Honda and Sony – two of Japan's most high-profile corporate titans – are teaming up to enter the electric vehicle market.
Technology and software company Sony is collaborating with car manufacturer Honda to produce electric cars by 2025.
The cooperation between the two is a powerful alliance and threatens to shake up the previously insular electric vehicle industry. U.S. companies, including Tesla and Apple, have been aggressive in researching electric vehicle production, seeing it as a market set to boom in the coming years.
The joint venture is also a source of Japanese economic solidarity – both Honda and Sony are legacy companies in Japan and are often used as a symbol of post-war prosperity.
|HMC||HONDA MOTOR CO. LTD.||33.60||-0.03||-0.09%|
|SONY||SONY GROUP CORP.||82.41||-0.37||-0.45%|
"The new company will aim to bring together Honda’s cutting-edge environmental and safety technologies, mobility development capabilities, vehicle body manufacturing technology and after-sales service management experience, with Sony’s expertise in the development and application of imaging, sensing, telecommunication, network and entertainment technologies, to realize a new generation of mobility and services for mobility that are closely aligned with users and the environment, and continue to evolve going forward," Honda announced earlier this month.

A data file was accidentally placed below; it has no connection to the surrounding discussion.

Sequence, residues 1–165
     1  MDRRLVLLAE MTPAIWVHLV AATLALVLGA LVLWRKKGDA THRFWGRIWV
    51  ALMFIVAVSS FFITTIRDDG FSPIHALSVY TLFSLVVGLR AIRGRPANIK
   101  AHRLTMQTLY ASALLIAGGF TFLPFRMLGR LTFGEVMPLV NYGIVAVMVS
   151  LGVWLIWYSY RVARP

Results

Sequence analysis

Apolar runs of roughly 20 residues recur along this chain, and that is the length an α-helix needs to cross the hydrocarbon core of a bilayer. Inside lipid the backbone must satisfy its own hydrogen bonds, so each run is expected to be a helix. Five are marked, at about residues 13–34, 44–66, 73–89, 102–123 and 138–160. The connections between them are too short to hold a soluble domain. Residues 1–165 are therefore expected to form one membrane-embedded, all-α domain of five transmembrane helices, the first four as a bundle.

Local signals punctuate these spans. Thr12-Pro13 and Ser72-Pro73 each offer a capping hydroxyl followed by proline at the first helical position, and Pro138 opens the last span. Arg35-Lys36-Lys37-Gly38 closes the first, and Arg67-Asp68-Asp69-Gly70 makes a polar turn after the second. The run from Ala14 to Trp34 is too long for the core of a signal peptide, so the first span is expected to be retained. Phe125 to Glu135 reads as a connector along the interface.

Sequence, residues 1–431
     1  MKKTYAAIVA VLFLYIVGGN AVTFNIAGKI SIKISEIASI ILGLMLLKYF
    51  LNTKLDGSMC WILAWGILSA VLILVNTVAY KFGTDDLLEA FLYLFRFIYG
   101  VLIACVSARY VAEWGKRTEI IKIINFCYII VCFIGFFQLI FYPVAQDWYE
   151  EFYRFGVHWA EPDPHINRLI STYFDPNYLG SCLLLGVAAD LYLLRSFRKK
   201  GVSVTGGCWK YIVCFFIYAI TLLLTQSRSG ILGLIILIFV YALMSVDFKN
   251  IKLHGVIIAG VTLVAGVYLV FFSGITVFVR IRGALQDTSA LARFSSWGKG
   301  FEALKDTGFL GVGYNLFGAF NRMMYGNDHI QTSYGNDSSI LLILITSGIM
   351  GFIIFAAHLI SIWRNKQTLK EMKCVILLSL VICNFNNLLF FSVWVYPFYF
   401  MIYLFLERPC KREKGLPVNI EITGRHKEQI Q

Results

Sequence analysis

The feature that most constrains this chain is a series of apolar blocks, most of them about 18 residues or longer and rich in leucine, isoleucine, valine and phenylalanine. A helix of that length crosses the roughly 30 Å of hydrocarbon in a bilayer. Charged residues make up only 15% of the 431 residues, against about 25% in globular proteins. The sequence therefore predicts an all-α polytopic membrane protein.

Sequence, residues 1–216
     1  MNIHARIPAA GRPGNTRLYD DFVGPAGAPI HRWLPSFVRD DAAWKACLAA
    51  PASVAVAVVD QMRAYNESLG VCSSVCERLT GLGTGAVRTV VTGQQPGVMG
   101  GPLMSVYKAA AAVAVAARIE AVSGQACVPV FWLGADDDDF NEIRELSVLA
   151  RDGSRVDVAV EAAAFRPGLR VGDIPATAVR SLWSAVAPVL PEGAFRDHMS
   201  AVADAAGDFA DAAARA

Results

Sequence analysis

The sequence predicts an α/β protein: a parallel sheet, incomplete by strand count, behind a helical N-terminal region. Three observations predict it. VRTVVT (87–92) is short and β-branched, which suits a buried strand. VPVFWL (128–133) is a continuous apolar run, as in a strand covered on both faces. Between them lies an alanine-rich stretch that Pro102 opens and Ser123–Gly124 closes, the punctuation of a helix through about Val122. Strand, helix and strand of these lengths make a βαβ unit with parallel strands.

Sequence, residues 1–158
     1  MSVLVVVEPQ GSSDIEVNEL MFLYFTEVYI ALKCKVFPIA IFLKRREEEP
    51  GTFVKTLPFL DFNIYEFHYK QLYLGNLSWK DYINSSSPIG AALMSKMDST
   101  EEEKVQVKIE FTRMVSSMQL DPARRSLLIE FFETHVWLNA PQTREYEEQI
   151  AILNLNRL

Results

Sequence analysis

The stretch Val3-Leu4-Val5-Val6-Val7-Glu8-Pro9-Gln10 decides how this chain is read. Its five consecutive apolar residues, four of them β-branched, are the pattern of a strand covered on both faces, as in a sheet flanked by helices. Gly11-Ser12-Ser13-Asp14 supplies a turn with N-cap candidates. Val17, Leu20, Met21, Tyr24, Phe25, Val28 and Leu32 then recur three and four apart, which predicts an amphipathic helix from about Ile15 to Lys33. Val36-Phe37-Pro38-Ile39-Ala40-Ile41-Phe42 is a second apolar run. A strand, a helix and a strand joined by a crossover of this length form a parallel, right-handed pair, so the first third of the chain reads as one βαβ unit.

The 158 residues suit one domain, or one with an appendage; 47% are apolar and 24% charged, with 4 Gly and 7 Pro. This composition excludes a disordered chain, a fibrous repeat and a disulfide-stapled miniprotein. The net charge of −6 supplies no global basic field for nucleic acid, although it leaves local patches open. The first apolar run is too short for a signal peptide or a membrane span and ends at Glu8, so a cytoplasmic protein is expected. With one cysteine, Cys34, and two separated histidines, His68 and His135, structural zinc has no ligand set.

Yasuhide Mizuno, a senior Honda executive, will serve as the JV's chairman and CEO, and Izumi Kawanishi, an executive vice president at Sony, will be the president and chief operating officer.
The joint venture – named Sony Honda Mobility – was first announced in March.
Each company will invest approximately 5 billion yen ($37.52 million) in the venture.
Honda and its luxury brand Acura are launching new certified pre-owned programs that cover vehicles up to 10 years old.
The programs are an extension of the brand's current certified pre-owned programs, which cover vehicles no older than five years, but offer longer benefits. All the cars in participating dealer inventory can be browsed on the automaker's consumer websites.
Honda expects the new programs to appeal to young and first-time buyers who have been priced out of the new car market. It and several other mainstream automakers have abandoned the sub-$20,000 market, and the lowest priced Honda currently available new is the HR-V, which starts at $23,095.
Fox News' Ken Martin contributed to this report.